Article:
The Federation is embarking on a campaign to tell The Real Story of hospitals through the voices of patients and caregivers – Rachel Watson is one of those people. She credits the high level of care she received from the dedicated staff at an integrated hospital system with helping her survive COVID-19.
Last year, Rachel and her husband David both fell ill with flu-like symptoms. A quick trip to the nearby urgent care clinic in their hometown of Dunnellon, Florida confirmed what they both feared – they had COVID-19.
Each day after the diagnosis, David got a little better, but Rachel got a little worse. Finally, after almost a week, with her breathing labored, David called 911.
Paramedics rushed Rachel to HCA Florida West Marion Hospital and the staff immediately put her on an oxygen machine. Unfortunately, it wasn’t enough. Rachel required more intensive care and the decision was made – she needed to be put on an ECMO (extracorporeal membrane oxygenation) machine. West Marion Hospital didn’t have the equipment, but because it was part of HCA Healthcare, an integrated hospital system, she was able to seamlessly transfer to an affiliated facility a few hours away, HCA Florida North Florida Hospital in Gainesville.
Once she arrived, the staff quickly got Rachel on an ECMO machine, which kept her alive for the next 89 days. She faced several complications and her heart stopped five different times, but the staff met each challenge using coordinated care and the highest level of treatment to keep her alive.
But that is only part of the story because the staff didn’t just take care of Rachel; they showed extreme compassion to David and their three children finding creative ways to keep them connected with Rachel – even when they couldn’t come into the hospital. One nurse put a battery-operated heart lamp in Rachel’s hospital room window each night so David and the boys would know exactly where she was so they could pray underneath her window. And even though she was unconscious, nurses took an iPad into Rachel’s room every night so David and the boys could talk to her via FaceTime.
The care team also scrupulously cared for Rachel’s dental health and paid close attention to her hair. It was all part of caregivers’ efforts to make sure Rachel felt her family’s presence.
Finally, more than three months after she was admitted, Rachel—“the glue that holds our family together,” according to her husband—was discharged. The staff held a hallway parade for her as she left the facility – everyone cheering her recovery.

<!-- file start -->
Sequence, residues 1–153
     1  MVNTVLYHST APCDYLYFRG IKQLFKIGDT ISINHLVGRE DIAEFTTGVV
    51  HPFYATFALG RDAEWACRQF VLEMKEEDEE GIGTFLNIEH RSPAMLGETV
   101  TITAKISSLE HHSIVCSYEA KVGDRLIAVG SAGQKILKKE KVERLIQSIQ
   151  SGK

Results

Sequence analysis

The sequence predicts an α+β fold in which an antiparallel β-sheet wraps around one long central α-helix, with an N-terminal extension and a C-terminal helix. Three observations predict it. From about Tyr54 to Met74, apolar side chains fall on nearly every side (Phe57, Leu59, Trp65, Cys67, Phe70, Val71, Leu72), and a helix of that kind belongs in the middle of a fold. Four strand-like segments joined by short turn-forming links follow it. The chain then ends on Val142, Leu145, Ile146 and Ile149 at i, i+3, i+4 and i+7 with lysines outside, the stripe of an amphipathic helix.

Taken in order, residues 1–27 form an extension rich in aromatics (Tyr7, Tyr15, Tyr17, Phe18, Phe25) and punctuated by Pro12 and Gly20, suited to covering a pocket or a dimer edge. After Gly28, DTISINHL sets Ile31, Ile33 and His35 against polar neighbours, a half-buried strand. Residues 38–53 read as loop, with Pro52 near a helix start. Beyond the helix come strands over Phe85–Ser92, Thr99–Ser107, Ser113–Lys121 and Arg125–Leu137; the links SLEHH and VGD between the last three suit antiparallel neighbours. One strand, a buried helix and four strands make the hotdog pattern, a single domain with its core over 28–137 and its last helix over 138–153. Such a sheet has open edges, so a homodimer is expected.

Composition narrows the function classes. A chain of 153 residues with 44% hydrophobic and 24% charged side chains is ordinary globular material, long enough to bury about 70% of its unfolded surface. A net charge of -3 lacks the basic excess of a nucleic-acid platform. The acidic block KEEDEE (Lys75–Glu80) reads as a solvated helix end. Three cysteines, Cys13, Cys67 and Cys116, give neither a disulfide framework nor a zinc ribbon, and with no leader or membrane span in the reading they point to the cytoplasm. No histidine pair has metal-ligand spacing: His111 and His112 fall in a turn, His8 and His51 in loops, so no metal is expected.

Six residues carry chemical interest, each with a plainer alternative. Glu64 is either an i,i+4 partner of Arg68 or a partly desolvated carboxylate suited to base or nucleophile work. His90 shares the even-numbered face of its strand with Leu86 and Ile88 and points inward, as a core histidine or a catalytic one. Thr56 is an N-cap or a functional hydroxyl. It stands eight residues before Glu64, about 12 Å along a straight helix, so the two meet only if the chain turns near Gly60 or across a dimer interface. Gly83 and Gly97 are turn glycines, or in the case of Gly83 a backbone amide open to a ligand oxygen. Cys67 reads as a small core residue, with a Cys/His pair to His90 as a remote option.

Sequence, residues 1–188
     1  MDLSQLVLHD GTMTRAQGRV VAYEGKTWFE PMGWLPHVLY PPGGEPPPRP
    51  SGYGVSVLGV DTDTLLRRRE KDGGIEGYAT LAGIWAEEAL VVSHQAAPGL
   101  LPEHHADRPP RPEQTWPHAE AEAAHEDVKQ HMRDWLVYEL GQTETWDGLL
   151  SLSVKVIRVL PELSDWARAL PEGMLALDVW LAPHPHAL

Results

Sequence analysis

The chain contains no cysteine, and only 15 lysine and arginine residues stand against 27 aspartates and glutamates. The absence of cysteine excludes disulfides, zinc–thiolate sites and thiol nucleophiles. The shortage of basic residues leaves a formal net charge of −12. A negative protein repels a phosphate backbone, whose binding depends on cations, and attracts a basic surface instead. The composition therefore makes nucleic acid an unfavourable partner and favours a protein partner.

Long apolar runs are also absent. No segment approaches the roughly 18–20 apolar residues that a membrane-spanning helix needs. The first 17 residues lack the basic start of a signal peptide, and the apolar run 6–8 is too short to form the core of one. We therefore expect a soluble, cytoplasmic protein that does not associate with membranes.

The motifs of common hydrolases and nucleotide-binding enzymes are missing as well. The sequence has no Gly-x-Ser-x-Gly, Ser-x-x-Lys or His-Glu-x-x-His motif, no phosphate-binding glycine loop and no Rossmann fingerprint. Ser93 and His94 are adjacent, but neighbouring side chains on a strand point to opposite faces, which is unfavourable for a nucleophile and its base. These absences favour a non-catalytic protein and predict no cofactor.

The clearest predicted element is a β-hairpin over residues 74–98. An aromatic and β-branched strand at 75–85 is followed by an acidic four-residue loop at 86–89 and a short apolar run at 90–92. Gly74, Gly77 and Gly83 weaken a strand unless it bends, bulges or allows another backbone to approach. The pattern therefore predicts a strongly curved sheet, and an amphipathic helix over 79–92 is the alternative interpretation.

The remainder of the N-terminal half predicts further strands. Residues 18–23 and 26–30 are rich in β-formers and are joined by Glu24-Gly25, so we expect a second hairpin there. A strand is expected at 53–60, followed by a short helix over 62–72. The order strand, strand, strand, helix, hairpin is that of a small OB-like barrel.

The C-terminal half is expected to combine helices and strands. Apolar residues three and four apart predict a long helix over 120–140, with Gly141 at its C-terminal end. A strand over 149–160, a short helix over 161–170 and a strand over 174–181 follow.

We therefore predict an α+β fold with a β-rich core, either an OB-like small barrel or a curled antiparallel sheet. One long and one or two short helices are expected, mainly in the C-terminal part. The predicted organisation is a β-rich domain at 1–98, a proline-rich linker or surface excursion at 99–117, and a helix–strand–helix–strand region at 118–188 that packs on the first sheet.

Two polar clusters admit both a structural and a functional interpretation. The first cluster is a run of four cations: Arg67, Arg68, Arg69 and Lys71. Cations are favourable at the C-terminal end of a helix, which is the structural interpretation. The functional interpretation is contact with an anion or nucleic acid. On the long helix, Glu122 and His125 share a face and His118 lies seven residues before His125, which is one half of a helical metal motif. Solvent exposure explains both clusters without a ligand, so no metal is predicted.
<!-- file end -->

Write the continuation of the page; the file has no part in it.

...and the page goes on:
But the work wasn’t over for Rachel – her next stop was Encompass Health Rehabilitation Hospital of Ocala. She had to re-learn how to walk, talk and even eat solid foods. The staff did everything they could, pushing her emotionally and physically, to get her back to her normal life. And 19 days after she was pushed in via wheelchair, she walked out under her own power. David said it was so emotional that the staff were shedding as many tears as the family.
Today, thanks to coordinated care across integrated hospital systems, Rachel is back to her active life, with just a few lingering effects from her arduous experience. She thanks the dedicated care team at each hospital for her recovery—even when her odds of survival were low. “They could’ve easily given up. But they could tell my personality and my spunk. They knew I was going to make it. There was at no point where I didn’t have someone with me.”
The health care workforce is the backbone of the lifesaving care provided by our nation’s hospitals – from nurses and doctors to food service workers and technicians, all are important.
Unfortunately, hospitals and health systems are experiencing challenging workforce shortages across the country. It’s a worsening situation that could ultimately compromise the ability to provide patients with high quality care – and COVID-19 only made it worse.
FAH members are using a variety of programs to take care of our own caregivers, but we need help.
Policymakers must take actions that incentivize workers to enter the health care field and ensure training opportunities for the next generation so we can continue to meet the rising demand.
Read more about The Real Story of health care workforce.
Hospitals and health systems are adapting to deliver higher-quality, more affordable care to patients in an ever-changing health care landscape. Hospital integration is an efficient way to better coordinate patient care, increase access to advanced medical technology, and lower patient costs.
It also expands access to care by ensuring smaller hospitals can continue treating patients in underserved, rural, and vulnerable communities.
The COVID-19 pandemic proved that hospital integration and scale can serve patients and communities during times of dire need. Integrated health care systems showed their mettle in the pandemic as drivers of advancement in care. They were there for patients with the cutting-edge treatments they deserve and expect from hospitals.
Read more about The Real Story of hospital integration benefits.
Medicare Advantage is growing at a record pace and while the program offers seniors some benefits – it can also limit access to needed care.
Medicare Advantage plans put insurance companies in control of care instead of patients and their doctors. By using prior authorization to deny or delay patient access to treatments and cutting payments to hospitals, these plans create unnecessary, and potentially harmful, barriers to timely medical care.
Insurers are increasingly paying hospitals less than the cost of the services they provide to seniors with Medicare Advantage plans, forcing already at-risk hospitals to absorb those costs.
Read more about the Real Story of Medicare Advantage abuse.